Intended consequences of new mortgage rules: CMHC

Plus, how Canadian homebuyers are rushing to beat new mortgage restrictions, what's fuelling China's property bubble, and why more people are renting than buying homes in the U.K.

A weekly roundup of news and views on property development, sales, affordability and more

CMHC supports the new Canadian housing rules that come into effect Monday, which it helped the Department of Finance develop. “While some critics now accuse us of overlooking the ‘unintended consequences’ of our actions,” says CMHC president and CEO Evan Siddall, “in fact, the results of these policy changes were fully intended.” Government should not be supporting lending that threatens our economic stability, he says, and tighter lending standards will limit price increases, ultimately making houses more affordable. (The Globe and Mail)

Canadian mortgage brokers see a flurry of borrowers before new federal mortgage rules that take effect Monday. Gregory Klump, chief economist of the Canadian Real Estate Association, says the changes will have the biggest effect on markets where there is a shortage of supply, particularly in the lower price range. In more balanced markets, people whose purchasing power is reduced can simply buy cheaper homes, he says, but in Toronto and Vancouver, there may not be any homes available at a lower price point, leaving those potential buyers priced out of the market. (CTV)

The growing use of mortgages could make China’s latest property boom particularly unstable. Last month, economists at the Bank of China warned in a report that worsening asset price bubbles were adding to a potentially troublesome frothy market. In the last few weeks, local authorities have accelerated efforts to tighten housing markets in up to 20 Chinese cities, but in many cases these steps have only added to the rush, as home buyers move in while they can. (The New York Times)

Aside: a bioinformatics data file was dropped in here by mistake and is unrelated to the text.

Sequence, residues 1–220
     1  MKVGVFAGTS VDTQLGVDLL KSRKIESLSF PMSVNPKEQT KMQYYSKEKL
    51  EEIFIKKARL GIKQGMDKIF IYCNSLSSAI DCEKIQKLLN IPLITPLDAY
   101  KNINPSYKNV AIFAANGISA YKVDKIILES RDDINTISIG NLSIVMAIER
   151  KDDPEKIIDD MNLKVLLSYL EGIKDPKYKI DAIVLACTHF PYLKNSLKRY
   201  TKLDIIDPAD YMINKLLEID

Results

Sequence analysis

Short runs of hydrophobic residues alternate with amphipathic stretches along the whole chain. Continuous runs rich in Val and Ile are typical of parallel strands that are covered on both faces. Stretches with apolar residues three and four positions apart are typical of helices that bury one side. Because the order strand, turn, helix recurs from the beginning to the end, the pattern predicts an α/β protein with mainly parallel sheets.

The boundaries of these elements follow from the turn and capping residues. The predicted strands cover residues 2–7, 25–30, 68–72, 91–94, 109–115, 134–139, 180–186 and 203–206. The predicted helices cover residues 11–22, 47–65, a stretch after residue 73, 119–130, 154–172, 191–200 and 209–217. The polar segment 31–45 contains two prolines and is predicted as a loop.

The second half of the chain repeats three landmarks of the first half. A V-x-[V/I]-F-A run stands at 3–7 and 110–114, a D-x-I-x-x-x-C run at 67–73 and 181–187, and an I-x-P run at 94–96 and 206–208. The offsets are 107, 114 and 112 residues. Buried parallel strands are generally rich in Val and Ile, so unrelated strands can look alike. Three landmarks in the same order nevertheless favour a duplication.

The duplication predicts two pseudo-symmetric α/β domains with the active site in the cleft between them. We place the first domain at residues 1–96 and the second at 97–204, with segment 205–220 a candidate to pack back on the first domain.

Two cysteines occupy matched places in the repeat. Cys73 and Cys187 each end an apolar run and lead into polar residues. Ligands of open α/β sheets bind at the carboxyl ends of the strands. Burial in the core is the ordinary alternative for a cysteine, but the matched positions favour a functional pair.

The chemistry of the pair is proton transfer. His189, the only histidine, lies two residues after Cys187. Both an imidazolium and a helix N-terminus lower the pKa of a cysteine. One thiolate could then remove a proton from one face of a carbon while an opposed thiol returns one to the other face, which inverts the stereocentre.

When a bubble is not a bubble. A severe imbalance in land supply is fuelling China’s wild property market, which is a political problem as much as an economic one. Big cities, where people actually want to live and work, are sitting on large land banks but releasing only small plots. Governments in big cities count on incremental land sales as a source of revenue; governments in small cities hope the restrictions will eventually send people their way. (The Economist)

U.K. property rentals will outstrip house sales for the first time in eight decades next year as homebuyers struggle to find properties they can afford. Homeownership levels had fallen to their lowest levels in 30 years at the start of 2016, and although recent figures from mortgage lenders showed a pickup in the number of loans taken out for house purchases, the number of homes for sale remains near a record low and prices are rising. (The Guardian)